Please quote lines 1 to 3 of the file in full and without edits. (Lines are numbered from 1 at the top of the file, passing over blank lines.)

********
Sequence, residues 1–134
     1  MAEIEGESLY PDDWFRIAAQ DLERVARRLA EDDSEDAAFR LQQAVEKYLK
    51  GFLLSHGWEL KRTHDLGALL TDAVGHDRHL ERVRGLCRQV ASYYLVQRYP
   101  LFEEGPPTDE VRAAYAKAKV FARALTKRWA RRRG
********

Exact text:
Sequence, residues 1–134
     1  MAEIEGESLY PDDWFRIAAQ DLERVARRLA EDDSEDAAFR LQQAVEKYLK
    51  GFLLSHGWEL KRTHDLGALL TDAVGHDRHL ERVRGLCRQV ASYYLVQRYP